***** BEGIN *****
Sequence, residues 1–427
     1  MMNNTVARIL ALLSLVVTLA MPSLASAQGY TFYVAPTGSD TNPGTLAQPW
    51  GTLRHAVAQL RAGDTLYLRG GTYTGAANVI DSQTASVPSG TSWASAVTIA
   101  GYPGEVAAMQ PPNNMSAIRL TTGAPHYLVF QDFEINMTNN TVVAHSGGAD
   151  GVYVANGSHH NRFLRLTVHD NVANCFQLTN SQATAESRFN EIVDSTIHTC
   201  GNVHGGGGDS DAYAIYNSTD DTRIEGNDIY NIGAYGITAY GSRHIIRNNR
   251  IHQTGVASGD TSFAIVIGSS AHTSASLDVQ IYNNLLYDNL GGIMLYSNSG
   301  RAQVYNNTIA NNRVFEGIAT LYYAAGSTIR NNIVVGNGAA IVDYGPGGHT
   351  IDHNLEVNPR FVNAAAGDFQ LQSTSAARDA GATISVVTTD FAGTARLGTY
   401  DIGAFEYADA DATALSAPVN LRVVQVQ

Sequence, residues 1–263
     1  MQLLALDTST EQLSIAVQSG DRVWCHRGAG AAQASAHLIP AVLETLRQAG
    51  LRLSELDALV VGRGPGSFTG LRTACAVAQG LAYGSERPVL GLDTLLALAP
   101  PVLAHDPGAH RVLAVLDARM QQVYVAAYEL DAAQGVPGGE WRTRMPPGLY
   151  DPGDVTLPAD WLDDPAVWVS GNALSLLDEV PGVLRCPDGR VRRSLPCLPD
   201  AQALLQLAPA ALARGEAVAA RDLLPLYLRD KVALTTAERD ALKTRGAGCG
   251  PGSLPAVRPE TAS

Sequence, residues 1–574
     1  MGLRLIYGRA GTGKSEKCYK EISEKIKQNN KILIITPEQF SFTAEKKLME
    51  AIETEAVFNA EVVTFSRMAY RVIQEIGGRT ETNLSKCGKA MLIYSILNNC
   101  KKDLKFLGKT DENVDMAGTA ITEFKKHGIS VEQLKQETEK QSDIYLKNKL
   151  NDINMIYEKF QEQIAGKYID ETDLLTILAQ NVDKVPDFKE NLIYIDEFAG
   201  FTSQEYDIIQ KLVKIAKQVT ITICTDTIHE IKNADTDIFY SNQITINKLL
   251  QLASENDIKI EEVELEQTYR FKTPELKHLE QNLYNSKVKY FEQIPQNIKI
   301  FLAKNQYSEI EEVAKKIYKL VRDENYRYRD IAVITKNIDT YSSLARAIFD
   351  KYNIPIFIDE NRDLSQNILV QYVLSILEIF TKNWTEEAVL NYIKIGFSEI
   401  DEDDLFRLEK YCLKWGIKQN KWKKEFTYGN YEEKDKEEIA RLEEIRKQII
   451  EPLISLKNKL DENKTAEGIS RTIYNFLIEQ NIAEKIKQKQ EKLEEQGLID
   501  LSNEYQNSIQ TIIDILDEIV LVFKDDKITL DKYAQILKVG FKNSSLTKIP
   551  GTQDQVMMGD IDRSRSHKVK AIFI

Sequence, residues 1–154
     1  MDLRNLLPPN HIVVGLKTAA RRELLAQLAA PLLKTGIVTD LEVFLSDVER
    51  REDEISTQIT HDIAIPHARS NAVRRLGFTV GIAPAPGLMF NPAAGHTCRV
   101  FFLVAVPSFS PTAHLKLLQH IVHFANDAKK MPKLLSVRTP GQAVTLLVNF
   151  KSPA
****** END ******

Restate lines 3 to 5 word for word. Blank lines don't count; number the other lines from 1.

    51  GTLRHAVAQL RAGDTLYLRG GTYTGAANVI DSQTASVPSG TSWASAVTIA
   101  GYPGEVAAMQ PPNNMSAIRL TTGAPHYLVF QDFEINMTNN TVVAHSGGAD
   151  GVYVANGSHH NRFLRLTVHD NVANCFQLTN SQATAESRFN EIVDSTIHTC